Some of the most memorable family holidays involve venturing into the deep blue to swim with, snorkel with or just get close to some of the most astonishing animals on the planet.
During the summer months, the waters around St John’s on Newfoundland in Canada teem with minke, fin and humpback whales. Go independently June to August and arrange a seafari while you are there, or do it as a package trip; you might even get the chance to try your hand at measuring giant squid, study puffins and go jumping with salmon.
The Bahamas islands of Bimini have been famous since Ernest Hemingway lived here as a superb place to fish, snorkel and scuba-dive, but more recently as a place to visit dolphins. The islands are close to Miami, so getting there is cheaper than it is to many Caribbean islands.
A little closer to home but also a great place to see dolphins is the Moray Firth in Scotland, where large pods of bottlenose dolphins gambol. Visit independently and take a ferry, or book a tour.
Forget SeaWorld and ‘Free Willy’ – seeing orcas in the wild is magnificent. Orcas come to the remote Lofoten Islands in Norwegian Lapland in winter, looking for sardines. Visitors can stay in an ice hotel for the perfect winter wildlife trip.
Unlike in many areas closer to Asia, whale sharks in the Seychelles have never been hunted, making this one of the best places in the world to get close to one of these extraordinary giants as well as being one of the best places for a family beach holiday. Rent a family villa on Denis Island and snorkelling trips will come as part of the deal. While you’re on the lookout for whale sharks, don’t forget the turtles, rays, sharks and sailfish that inhabit these waters.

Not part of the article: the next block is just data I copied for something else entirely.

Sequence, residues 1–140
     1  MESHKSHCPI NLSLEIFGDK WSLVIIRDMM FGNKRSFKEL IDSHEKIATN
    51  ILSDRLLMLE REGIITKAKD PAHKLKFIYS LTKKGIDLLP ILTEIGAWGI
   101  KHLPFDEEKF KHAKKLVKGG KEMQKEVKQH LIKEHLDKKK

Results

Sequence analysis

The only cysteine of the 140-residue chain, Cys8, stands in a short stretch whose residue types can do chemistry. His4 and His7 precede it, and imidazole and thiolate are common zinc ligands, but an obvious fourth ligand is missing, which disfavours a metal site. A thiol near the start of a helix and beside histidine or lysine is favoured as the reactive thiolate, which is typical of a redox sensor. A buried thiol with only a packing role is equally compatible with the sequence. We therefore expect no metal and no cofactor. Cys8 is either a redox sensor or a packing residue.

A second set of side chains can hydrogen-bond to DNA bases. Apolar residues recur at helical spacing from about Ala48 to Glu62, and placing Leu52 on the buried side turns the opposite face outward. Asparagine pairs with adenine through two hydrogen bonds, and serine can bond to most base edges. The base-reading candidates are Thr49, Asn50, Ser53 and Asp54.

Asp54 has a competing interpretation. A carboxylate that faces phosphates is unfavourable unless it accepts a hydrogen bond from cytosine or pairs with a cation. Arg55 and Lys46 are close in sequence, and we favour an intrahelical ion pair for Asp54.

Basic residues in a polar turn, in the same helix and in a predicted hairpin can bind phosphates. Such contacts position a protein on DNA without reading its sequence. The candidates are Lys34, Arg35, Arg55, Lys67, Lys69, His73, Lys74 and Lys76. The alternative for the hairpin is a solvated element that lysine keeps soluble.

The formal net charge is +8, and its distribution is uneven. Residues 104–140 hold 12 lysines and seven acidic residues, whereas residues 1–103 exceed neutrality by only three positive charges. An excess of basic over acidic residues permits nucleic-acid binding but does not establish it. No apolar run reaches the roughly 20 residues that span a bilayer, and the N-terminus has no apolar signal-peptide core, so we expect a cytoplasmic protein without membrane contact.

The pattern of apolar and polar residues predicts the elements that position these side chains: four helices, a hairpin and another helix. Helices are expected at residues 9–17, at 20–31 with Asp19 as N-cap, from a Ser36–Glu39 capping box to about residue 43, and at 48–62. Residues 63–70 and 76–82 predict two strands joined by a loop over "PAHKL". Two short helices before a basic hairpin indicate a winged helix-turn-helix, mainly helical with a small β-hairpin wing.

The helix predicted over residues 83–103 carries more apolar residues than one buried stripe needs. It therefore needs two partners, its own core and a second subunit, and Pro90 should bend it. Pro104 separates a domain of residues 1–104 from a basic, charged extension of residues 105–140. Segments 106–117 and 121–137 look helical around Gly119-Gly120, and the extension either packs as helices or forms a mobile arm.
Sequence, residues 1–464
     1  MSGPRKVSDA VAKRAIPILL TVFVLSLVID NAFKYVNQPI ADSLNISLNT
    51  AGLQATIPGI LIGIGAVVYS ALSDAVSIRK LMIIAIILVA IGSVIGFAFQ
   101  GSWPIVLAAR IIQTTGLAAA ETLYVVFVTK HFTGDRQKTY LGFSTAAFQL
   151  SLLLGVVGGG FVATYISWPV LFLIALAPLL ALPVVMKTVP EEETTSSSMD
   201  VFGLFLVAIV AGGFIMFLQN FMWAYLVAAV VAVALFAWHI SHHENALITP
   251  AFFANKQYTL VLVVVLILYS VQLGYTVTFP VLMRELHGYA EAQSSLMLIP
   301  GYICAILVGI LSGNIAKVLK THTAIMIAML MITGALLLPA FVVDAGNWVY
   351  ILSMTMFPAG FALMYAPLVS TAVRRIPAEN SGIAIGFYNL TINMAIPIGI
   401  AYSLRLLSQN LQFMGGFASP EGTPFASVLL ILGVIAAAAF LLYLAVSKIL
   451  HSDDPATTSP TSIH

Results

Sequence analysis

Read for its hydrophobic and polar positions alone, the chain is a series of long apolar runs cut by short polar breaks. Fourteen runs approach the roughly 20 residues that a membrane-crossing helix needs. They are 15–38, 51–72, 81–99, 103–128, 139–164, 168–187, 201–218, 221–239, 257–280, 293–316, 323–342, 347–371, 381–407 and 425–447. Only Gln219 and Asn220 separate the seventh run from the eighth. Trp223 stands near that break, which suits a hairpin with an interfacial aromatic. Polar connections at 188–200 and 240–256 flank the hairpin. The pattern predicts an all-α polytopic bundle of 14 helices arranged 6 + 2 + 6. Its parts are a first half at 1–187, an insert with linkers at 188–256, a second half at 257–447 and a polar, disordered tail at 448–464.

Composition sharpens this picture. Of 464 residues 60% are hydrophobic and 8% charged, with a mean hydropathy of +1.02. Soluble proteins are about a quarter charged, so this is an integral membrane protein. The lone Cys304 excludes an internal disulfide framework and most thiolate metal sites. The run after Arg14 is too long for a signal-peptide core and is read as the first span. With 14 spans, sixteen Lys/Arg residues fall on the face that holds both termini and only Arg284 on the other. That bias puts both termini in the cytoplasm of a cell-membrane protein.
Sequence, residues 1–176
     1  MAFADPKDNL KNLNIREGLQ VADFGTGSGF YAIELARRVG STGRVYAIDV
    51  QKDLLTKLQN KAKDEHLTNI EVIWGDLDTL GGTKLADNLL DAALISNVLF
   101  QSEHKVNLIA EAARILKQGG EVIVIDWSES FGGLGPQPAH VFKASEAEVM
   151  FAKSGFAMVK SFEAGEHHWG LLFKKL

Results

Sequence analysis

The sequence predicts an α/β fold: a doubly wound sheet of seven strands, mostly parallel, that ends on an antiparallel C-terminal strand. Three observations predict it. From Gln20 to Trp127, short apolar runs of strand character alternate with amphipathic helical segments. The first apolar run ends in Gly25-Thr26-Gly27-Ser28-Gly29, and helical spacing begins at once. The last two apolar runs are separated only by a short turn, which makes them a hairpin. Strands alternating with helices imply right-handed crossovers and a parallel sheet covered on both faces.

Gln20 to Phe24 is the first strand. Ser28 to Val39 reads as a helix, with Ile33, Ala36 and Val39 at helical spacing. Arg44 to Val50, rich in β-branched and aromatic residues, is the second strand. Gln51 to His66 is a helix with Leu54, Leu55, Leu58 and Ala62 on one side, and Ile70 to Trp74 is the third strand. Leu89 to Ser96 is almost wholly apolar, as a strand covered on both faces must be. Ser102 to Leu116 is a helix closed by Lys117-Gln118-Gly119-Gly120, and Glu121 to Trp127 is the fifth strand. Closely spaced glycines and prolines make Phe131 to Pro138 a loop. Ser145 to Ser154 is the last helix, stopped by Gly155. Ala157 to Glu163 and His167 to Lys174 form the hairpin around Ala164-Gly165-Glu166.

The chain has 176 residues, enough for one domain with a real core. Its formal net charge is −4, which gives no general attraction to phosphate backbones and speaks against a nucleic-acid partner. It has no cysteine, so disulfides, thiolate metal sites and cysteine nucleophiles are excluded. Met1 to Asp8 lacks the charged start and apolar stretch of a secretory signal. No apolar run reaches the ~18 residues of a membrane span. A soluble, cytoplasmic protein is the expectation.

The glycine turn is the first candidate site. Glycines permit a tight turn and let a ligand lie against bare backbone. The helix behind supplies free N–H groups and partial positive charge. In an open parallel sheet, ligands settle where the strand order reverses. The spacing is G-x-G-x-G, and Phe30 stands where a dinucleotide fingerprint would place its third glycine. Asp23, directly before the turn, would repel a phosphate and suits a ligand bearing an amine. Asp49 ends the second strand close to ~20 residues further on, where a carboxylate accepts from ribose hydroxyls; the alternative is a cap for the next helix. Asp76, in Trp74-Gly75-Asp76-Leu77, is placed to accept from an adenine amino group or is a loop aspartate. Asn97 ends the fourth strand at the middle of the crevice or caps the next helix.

Snorkelling is a very good activity for most children 6+ as long as they have the necessary swimming skills, and taking them to find their own Nemo makes for a very special holiday. The Yasawa Islands of Fiji are especially good for seeing tropical fish – the location for the film ‘Blue Lagoon’, they haven’t changed much since Brooke Shields was having the time of her life here.
Or try the nature reserve of Chumbe Island off the coast of Zanzibar – trips to this protected island with its untouched coral reef are carefully monitored, with all profits from tourism ploughed back into local concerns. You also get the chance to see other unique and extraordinary wildlife.
Seals and Sealions
Seals and sealions tend to come en masse and seeing beaches full of them is pretty inspiring for any child, let alone seeing them in the water. Peninsular Valdes in Patagonia, Argentina – a UNESCO listed World Heritage site and marine sanctuary – is one of the best places in the world to get up close and personal with vast breeding grounds of southern elephant seals, southern sealions and penguins. You may recognize it from many a David Attenborough program. The best time to visit is September or October, when breeding starts.